Thread: MT in Vietnam
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Old 09-17-2013, 07:11 PM
Martin Timothy Martin Timothy is offline
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Join Date: May 2011
Posts: 714
Default Re: MT in Vietnam

Then forming up in line abreast, Sergeant Bill Hoban a mine clearance expert who had deemed an area safe, was guiding down a helicopter that had arrived to retrieve Trooper Carlyle's body and to convey the wounded to hospital, he stepped onto a mine and was killed instantly, the APC with the dead and wounded went over and dropped its ramp before retrieving Bill's body.

During this part a series of explosions coming from an entirely unexpected quarter rocked the battlefield, a helicopter was sent to investigate, whence the pilot reported that a group of enemy had stumbled onto their own mines, in what appeared to be an attempt to escape to the hills, he reported seeing about eight dead with their weapons scattered all about - no attempt was made to recover the weapons or to land for fear of mines!

By this time the cut and thrust had been going on since about 11:00 the previous night, the tracks needed to be refueled so we went the twenty or so clicks back to Nui Dat at high speed, before dropping the dead off at the morgue and the wounded at the hospital.
We were not allowed to leave the vehicles, and as soon as they were refueled we sped back and took our position in the line while the next group went, until everyone was fuelled and ammo'd up, since there had been a considerable amount of firing thru the night continuing into the morning.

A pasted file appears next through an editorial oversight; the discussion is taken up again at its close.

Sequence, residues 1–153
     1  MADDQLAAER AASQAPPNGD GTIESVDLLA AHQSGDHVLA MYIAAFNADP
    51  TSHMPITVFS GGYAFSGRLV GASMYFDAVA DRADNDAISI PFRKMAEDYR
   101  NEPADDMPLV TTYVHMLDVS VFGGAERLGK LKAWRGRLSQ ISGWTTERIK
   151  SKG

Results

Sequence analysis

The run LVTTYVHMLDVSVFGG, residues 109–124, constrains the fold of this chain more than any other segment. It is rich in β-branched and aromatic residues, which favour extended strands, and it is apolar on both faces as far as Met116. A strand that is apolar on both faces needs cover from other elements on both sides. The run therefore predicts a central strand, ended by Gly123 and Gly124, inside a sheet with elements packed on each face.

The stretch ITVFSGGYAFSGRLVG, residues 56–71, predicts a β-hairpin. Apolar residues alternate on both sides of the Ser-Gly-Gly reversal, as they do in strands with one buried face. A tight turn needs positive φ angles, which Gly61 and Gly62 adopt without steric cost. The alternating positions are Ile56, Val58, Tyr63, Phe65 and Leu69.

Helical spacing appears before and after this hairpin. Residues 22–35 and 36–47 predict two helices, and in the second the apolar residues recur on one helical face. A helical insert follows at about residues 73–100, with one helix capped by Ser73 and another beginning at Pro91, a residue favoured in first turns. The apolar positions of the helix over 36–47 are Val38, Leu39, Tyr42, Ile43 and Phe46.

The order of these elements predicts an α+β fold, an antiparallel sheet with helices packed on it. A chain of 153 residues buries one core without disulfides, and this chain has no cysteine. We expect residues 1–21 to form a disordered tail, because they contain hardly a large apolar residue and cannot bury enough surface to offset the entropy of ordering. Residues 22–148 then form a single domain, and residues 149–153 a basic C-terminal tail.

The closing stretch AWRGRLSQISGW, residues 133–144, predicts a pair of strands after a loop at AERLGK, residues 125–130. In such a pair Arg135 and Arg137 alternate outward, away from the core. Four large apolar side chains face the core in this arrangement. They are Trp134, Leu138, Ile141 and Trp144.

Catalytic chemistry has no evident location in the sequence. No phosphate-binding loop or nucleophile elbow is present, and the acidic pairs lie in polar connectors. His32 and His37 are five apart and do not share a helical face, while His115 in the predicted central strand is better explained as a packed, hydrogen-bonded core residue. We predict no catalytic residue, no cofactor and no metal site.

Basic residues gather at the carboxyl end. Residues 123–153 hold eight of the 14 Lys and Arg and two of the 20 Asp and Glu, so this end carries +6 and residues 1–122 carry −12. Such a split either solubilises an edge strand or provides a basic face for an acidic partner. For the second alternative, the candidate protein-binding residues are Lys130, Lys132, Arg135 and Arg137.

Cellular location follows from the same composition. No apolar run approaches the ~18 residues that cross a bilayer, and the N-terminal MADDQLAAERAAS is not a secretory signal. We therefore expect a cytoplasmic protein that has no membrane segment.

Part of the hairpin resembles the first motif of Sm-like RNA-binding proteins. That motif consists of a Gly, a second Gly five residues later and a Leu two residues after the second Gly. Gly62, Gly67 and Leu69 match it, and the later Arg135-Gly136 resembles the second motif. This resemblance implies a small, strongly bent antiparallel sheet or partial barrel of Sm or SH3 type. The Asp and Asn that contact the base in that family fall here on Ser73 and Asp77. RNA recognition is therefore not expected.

About midday everyone was right to go, a couple of celebrities had turned up one was combat cameraman Neil Davis who was a "war junkie" from Tasmania, he was up on the back of an APC, a couple of our officers walked over and spoke to him - never mind we were in a minefield - he was polite at first then distant and aloof!

Came the order to move and we advanced up the Firestone trail, straight away there was firing and rocket grenades from the enemy position, while hot spent shells rained down inside the vehicle as the crew commander responded with his twin thirty caliber machine guns.

After about a kilometer the commander dropped his ramp, where after we were ordered to get out and proceed on foot with the tanks, the carriers went on at high speed until they linked with the mounted company at the north western end of the redoubt, the vehicle I had been in was blown up and the crew commander killed.
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